Protection of macaques from vaginal SHIV challenge by vaginally delivered inhibitors of virus-cell fusion Academic Article uri icon

Overview

MeSH Major

  • Anti-HIV Agents
  • HIV
  • HIV Infections
  • Macaca mulatta
  • Membrane Fusion
  • Simian Acquired Immunodeficiency Syndrome
  • Vagina

abstract

  • Human immunodeficiency virus type 1 (HIV-1) continues to spread, principally by heterosexual sex, but no vaccine is available. Hence, alternative prevention methods are needed to supplement educational and behavioural-modification programmes. One such approach is a vaginal microbicide: the application of inhibitory compounds before intercourse. Here, we have evaluated the microbicide concept using the rhesus macaque 'high dose' vaginal transmission model with a CCR5-receptor-using simian-human immunodeficiency virus (SHIV-162P3) and three compounds that inhibit different stages of the virus-cell attachment and entry process. These compounds are BMS-378806, a small molecule that binds the viral gp120 glycoprotein and prevents its attachment to the CD4 and CCR5 receptors, CMPD167, a small molecule that binds to CCR5 to inhibit gp120 association, and C52L, a bacterially expressed peptide inhibitor of gp41-mediated fusion. In vitro, all three compounds inhibit infection of T cells and cervical tissue explants, and C52L acts synergistically with CMPD167 or BMS-378806 to inhibit infection of cell lines. In vivo, significant protection was achieved using each compound alone and in combinations. CMPD167 and BMS-378806 were protective even when applied 6 h before challenge.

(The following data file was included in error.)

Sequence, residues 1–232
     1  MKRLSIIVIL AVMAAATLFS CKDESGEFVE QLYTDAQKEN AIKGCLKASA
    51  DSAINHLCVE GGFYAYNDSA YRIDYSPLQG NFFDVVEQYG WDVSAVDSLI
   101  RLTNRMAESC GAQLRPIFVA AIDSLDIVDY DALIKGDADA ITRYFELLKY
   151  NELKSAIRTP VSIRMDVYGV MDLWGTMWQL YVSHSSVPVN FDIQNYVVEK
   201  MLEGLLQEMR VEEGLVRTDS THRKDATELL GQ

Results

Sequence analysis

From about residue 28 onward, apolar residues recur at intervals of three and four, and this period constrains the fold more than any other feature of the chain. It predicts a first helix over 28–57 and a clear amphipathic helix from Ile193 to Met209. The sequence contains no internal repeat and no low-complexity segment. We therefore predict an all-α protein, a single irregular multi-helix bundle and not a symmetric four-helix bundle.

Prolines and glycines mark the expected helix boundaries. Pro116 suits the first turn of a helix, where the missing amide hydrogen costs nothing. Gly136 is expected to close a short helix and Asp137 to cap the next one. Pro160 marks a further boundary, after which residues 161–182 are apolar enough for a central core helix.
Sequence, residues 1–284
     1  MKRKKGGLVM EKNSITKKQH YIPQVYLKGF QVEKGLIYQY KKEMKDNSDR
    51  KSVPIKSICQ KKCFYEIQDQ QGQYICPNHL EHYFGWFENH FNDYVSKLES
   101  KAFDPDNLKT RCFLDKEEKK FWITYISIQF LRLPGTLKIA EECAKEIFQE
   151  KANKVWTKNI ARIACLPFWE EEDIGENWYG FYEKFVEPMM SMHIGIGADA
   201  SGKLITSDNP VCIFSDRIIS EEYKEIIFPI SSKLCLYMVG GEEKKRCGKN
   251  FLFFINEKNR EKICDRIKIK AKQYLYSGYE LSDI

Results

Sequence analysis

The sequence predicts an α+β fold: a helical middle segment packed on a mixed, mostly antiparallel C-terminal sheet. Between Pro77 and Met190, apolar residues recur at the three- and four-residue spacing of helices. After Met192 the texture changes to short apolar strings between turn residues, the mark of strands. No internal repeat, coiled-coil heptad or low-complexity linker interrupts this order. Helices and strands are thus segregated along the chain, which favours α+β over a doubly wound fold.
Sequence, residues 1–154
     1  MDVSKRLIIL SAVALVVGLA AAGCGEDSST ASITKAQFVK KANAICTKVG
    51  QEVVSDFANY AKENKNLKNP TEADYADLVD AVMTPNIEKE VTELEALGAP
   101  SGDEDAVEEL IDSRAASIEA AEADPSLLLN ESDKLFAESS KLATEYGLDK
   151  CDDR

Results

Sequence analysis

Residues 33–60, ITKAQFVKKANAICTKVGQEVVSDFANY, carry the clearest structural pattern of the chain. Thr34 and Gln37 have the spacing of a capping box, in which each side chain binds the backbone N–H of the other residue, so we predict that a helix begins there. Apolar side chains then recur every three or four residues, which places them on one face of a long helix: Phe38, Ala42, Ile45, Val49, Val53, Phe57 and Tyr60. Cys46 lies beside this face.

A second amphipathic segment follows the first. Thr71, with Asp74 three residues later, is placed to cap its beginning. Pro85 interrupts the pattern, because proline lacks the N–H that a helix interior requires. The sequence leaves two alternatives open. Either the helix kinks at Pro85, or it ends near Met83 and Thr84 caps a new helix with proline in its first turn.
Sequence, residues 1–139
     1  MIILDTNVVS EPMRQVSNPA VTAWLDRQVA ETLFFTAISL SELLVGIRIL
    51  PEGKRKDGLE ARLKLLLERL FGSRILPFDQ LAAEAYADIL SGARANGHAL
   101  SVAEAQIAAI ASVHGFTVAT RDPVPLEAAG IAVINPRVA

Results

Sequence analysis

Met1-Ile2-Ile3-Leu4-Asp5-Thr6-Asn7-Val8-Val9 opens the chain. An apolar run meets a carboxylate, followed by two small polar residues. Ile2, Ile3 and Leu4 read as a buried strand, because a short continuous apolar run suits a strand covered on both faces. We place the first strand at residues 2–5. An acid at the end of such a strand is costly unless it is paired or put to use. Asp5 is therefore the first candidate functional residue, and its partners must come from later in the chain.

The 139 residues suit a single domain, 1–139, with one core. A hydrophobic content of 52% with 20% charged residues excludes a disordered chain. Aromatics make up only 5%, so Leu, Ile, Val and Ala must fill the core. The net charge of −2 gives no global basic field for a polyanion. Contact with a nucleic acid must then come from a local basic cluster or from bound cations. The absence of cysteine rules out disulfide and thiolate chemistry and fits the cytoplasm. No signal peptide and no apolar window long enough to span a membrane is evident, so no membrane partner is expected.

publication date

  • November 3, 2005

Research

keywords

  • Academic Article

Identity

Language

  • eng

Digital Object Identifier (DOI)

  • 10.1038/nature04055

PubMed ID

  • 16258536

Additional Document Info

start page

  • 99

end page

  • 102

volume

  • 438

number

  • 7064